Tuesday, September 26, 2023

Habitat ReStore Hosting Christmas in July Drive-Thru Food Drive to Meet Dire Community Need

The cupboards need restocking in food pantries at Grove Christian Outreach Center and Williamsburg House of Mercy, and it couldn’t come at a worse time. Need is up while donations are down.

Both nonprofits are asking for community support to “Sleigh Hunger” at Christmas in July, a drive-thru food drive that will be held at the Habitat for Humanity ReStore in Williamsburg on Wednesday, July 20.

Nonperishable items (see list below) can be donated between 8 a.m. and 8 p.m. that day at the ReStore on 1303 Jamestown Road.

“Hunger and the need for food know no season,” said Katie Patrick, Executive Director of Grove Christian Outreach Center, which strives to keep its food pantry stocked to help individuals and families in James City County. “In the past, food pantries would see some regular donors making regular trips with a bag or two of groceries that, collectively, had a tremendous impact. Fuel costs are keeping people closer to home and reducing the amount of ‘extra’ that people are able to do.”

Donated food pounds have declined 32% at Grove Christian Outreach Center alone, while need has superseded even the height of the pandemic in 2020. Cash contributions from individual giving are down $50,000 from the same time last year.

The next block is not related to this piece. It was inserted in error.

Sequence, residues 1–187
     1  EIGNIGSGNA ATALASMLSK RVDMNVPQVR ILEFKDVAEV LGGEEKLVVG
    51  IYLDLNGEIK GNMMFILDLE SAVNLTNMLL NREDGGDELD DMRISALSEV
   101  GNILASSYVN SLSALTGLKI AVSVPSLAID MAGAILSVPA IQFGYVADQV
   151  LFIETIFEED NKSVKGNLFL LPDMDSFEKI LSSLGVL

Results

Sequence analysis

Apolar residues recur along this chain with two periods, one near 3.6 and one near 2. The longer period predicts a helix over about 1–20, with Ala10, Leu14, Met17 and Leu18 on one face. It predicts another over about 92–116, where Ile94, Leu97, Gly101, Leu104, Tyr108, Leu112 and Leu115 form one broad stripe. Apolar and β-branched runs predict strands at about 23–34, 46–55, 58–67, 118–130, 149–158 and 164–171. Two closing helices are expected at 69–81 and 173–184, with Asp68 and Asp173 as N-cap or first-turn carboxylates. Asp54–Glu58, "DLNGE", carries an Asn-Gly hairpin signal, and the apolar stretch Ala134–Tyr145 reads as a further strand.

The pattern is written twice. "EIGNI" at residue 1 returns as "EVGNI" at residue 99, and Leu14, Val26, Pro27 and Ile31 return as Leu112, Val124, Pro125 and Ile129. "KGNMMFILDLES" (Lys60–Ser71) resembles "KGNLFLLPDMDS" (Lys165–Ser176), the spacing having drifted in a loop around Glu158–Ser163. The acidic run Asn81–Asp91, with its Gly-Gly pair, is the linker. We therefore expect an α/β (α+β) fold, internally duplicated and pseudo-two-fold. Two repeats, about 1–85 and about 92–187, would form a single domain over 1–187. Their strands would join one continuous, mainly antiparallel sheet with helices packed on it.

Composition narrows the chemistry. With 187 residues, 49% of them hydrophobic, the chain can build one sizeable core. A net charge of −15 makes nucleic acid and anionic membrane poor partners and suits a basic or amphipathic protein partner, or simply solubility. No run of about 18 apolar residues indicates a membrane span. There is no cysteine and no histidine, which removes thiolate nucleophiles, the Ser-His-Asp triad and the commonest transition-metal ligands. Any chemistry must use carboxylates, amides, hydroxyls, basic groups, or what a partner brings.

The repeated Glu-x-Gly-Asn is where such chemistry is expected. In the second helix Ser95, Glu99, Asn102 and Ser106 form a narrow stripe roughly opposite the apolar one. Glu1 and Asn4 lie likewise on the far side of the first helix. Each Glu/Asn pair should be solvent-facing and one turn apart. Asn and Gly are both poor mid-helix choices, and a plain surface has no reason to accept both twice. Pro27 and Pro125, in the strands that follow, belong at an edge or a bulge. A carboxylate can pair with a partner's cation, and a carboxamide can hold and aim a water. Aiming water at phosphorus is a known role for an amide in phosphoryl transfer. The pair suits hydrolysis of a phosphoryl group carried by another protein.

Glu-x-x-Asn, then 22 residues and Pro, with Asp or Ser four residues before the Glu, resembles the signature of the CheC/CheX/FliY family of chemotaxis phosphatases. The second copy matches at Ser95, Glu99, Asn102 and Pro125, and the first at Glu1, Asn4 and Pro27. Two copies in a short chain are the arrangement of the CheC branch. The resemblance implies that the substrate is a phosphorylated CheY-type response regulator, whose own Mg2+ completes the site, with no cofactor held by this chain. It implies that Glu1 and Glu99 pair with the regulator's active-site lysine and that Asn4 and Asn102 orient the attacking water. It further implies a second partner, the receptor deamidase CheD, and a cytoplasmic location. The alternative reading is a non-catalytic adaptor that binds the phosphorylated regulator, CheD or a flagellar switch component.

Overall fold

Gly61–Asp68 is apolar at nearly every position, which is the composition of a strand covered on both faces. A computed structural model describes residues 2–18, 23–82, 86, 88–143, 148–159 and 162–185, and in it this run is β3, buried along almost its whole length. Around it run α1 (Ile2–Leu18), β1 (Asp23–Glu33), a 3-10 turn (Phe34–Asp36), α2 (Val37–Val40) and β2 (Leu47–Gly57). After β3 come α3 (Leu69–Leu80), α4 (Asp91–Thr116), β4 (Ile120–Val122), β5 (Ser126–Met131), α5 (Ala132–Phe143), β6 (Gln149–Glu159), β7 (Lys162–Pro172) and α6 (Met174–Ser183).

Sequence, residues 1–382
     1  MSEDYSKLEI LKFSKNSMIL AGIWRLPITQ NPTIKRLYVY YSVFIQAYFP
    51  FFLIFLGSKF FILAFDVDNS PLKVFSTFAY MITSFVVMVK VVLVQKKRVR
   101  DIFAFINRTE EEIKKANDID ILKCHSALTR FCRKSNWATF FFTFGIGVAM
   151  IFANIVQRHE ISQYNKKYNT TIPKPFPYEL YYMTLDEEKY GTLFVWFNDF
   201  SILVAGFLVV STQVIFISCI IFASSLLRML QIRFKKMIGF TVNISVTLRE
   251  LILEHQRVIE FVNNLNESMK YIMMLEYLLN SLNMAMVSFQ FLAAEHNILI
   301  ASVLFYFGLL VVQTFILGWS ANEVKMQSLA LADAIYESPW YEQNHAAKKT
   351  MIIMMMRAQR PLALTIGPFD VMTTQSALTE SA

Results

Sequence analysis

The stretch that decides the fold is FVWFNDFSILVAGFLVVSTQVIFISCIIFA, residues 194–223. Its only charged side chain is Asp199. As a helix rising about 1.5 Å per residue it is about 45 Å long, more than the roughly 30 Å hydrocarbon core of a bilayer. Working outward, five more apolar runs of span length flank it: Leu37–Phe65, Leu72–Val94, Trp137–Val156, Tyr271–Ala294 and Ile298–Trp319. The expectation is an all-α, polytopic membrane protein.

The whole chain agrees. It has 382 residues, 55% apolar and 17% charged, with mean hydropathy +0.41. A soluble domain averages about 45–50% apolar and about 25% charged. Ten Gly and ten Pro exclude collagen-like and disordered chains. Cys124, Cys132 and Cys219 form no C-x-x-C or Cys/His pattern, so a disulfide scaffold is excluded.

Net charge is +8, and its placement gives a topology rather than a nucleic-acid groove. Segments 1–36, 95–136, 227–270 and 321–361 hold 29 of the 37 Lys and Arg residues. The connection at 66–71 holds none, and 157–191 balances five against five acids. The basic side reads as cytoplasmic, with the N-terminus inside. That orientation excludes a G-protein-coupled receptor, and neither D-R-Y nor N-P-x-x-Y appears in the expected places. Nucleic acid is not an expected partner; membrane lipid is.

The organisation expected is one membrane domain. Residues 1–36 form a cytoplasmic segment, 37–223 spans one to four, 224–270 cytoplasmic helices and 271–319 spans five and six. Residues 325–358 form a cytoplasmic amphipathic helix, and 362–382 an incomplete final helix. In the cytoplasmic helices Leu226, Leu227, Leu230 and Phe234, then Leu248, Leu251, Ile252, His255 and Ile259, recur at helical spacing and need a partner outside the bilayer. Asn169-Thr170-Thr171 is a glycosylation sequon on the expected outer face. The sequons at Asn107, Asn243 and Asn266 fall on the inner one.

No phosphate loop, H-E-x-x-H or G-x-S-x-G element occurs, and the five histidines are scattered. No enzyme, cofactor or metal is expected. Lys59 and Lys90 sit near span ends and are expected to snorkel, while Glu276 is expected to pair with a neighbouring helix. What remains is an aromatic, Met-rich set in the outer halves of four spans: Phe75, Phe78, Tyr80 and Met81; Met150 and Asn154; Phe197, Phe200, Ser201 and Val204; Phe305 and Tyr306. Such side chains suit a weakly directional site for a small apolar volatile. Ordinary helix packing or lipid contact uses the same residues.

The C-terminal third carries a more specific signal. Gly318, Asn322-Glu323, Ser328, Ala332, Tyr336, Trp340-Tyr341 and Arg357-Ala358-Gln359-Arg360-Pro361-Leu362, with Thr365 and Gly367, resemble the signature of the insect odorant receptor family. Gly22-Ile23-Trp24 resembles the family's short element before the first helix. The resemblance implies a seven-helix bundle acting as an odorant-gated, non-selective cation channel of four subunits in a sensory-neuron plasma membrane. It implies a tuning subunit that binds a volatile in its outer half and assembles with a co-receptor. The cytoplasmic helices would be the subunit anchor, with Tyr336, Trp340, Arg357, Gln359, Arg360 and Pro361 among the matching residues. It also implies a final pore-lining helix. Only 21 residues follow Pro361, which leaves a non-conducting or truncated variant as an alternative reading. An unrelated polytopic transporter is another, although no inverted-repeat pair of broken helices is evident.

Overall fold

“Preventing food insecurity relates directly to our mission of building homes, communities and hope,” said Janet V. Green, CEO of Habitat for Humanity Peninsula and Greater Williamsburg. “We are proud to work together with both nonprofits to address hunger, one of the chief barriers that keeps families from achieving self-reliance.”

Not everyone who needs food is homeless or poverty-stricken, either, Patrick said, as soaring prices and unprecedented fuel costs have forced many households to feel the squeeze for the first time.

“There are many reasons why a household may visit a food pantry,” Patrick said. “It can be because there isn’t enough income to meet the nutrition needs of all members of the household or not enough fuel to get to the nearest grocery store.”

In the last year, Grove Christian Outreach Center served 319 households (1,102 people) 3,821 times with its food pantry, a number that included 62 new families.

Williamsburg House of Mercy is facing a similar plight in struggling to keep its food pantry stocked. The nonprofit provides essential services, including food security and housing to those in need.

The drive-thru food pantry at House of Mercy served 208 families in a single day one week this summer. More than 65 requests for housing came in during June alone.

“We have witnessed the impact of a compassionate community throughout the pandemic; there was no other way to meet such widespread requests for help,” said Shannon Woloszynowski, Executive Director of Williamsburg House of Mercy. “We know that the families of Williamsburg will continue to respond in generosity to help their neighbors in need.”

Both organizations are asking for the following items to be donated:

• Hot and cold cereal
• Rice
• Canned or mashed potatoes
• Stuffing
• Spaghetti sauce
• Pasta
• Canned or cups of fruit
• Cans of tuna, chicken, protein
• Juice
• Canned corn
• Canned vegetables
• Canned beans
• Canned tomatoes
• Chunky soups
• Granola bars, crackers
• Baby food
• Peanut butter
• Jelly
• Mac and cheese
• Ramen

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